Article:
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By Maggie Slepian • August 11, 2022

Most people who have spent any time in the backcountry are familiar with the ethics involved in minimizing your impact. The Leave No Trace organization has a set of seven principles for people exploring the backcountry. Horses add another level of impact to the trail and campsites,  but there are plenty of ways to make sure you leave the area as nice—or nicer—than you found it. 

Photo courtesy of Maggie Slepian

In fact, the Equine Land Conservation Resource has worked with Tread Lightly!—an organization that focuses on motorized backcountry access—to help educate users in minimizing their backcountry impact. Clearly this is a subject that matters to multiple groups across the recreation spectrum. Minimizing impact and educating users has myriad benefits. For one, it’s better for the environment. Promoting sustainable travel helps us leave the trail systems and camping areas pristine for future enjoyment, and has a positive impact on wildlife and plant life. Secondly, it helps secure future access, and has the potential to open up additional trail systems and areas to stock access. 

Here are a few go-to tips to increase stewardship and minimize impact during your next trail ride or pack trip.

1. Manage Manure

Horse people are accustomed to manure. We step in it, our horses step in it, and we probably barely even notice it on our boots after a while. That comes with the territory of being a horse person, but it’s important to take a step back and realize that not everyone on the trails is going to feel the same way. 

Sure, horse manure is a lot better than dog poop. It doesn’t smell as bad, and after a while it dries up and disintegrates into tiny flakes that eventually entirely dissipate. But other trail users shouldn’t be left to dodge and step in piles of fresh manure. If your crew stops on the trail and leaves a swath of manure behind, take a few moments to kick it off to the side and break apart up the biggest piles to help it break down faster. This also goes for campsites—especially near water sources. You don’t have to bury it like human poop or pack it out like dog poop, but be sure to distribute the piles and clear as much as you can off the trail.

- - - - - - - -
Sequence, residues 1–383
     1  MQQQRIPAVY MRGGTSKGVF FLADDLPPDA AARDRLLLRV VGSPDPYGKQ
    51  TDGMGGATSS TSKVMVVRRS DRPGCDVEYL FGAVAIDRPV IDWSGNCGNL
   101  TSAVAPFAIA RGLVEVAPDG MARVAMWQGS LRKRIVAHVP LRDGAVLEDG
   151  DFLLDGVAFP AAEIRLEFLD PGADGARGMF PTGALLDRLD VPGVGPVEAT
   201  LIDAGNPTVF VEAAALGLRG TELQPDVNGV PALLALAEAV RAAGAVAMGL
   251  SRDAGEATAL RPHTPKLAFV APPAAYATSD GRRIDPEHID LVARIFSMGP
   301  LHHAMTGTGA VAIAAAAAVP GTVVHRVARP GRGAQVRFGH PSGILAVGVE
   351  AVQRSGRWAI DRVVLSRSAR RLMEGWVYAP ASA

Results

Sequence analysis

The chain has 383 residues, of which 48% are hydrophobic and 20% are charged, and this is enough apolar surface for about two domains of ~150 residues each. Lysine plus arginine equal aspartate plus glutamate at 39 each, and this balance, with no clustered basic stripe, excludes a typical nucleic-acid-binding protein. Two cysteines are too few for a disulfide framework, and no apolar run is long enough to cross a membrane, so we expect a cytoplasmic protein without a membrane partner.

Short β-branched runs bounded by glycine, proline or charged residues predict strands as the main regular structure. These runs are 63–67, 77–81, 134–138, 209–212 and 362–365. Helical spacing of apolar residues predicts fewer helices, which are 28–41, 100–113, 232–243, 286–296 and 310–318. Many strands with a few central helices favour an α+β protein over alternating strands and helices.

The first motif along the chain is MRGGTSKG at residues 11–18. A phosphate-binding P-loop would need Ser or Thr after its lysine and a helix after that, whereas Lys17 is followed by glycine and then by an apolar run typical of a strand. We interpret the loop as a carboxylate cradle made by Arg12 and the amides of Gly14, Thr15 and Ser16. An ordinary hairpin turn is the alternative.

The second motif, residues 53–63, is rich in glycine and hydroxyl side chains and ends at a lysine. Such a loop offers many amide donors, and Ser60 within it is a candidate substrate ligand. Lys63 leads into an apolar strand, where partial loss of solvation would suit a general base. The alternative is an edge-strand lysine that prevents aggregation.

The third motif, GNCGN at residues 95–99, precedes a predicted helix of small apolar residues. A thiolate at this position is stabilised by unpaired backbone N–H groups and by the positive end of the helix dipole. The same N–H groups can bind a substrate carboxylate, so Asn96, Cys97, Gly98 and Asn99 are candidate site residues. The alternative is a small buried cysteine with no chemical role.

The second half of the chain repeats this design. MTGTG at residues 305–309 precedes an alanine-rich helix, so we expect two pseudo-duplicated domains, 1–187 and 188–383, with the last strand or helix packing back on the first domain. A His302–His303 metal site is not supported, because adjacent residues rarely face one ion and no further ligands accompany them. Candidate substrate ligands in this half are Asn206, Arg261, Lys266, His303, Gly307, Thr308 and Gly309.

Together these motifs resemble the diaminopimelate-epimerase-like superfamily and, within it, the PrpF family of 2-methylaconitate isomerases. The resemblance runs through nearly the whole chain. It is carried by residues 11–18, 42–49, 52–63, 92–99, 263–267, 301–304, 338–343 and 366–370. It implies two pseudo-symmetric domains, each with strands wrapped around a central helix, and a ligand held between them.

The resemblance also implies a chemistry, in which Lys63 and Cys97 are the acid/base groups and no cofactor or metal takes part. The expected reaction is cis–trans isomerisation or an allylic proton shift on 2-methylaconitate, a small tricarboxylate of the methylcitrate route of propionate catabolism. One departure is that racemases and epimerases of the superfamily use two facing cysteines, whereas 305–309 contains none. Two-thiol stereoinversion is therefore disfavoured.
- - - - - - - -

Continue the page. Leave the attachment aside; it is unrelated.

2. Switch up Your Riding Pattern

We recommend riding single-file along the trails to minimize rutting from each footfall, then dispersing in open areas. When you reach areas with no defined trail, it’s usually preferable to spread your line out. This can help prevent unintentionally creating a new trail across a pristine piece of land, and leave it looking as untrampled as possible.

3) Deliberately Choose Your Horse Containment Area  

Horses are grazers, so it’s natural to want to corral them at camp in a place with plenty of grass to nibble on. That’s totally fine and expected for pack trips! Our suggestion is to choose a containment area away from fragile plant life and flowers, and on as dry ground as possible. Large stock animals on wet ground can damage grasses and low growth, and make it difficult for the area to recover when it does dry out.

4) Consider Tying and Tethering

If you’re tying or tethering your horses, give them enough space so they don’t paw or kick the ground. They should have enough space to keep themselves entertained without getting themselves in trouble. If you know you have a horse who might disrupt the area around themselves, try to tie those horses in an area where they won’t be able to dig too deeply or do extensive damage. If your horses continue to paw, try feeding them more, applying bug spray, or hobbling. For highlines, always use tree-saver straps to avoid damaging the tree trunk. 

5) Leave Camp as Clean as Possible

Campsites are the places most prone to higher impact from stock. If you choose a hard-packed, pre-established area, you’ll have less to do, but we always want to naturalize the area before leaving a site. This means dispersing manure piles, filling in areas where the horses might have dug or pawed, and distributing natural items such as leaves and twigs around scuffed areas to make the site look like no one was ever there. 

Maggie Slepian is a writer and film wrangler, with decades of horse experience on trails, film sets, and in the arena. Learn more about Maggie at .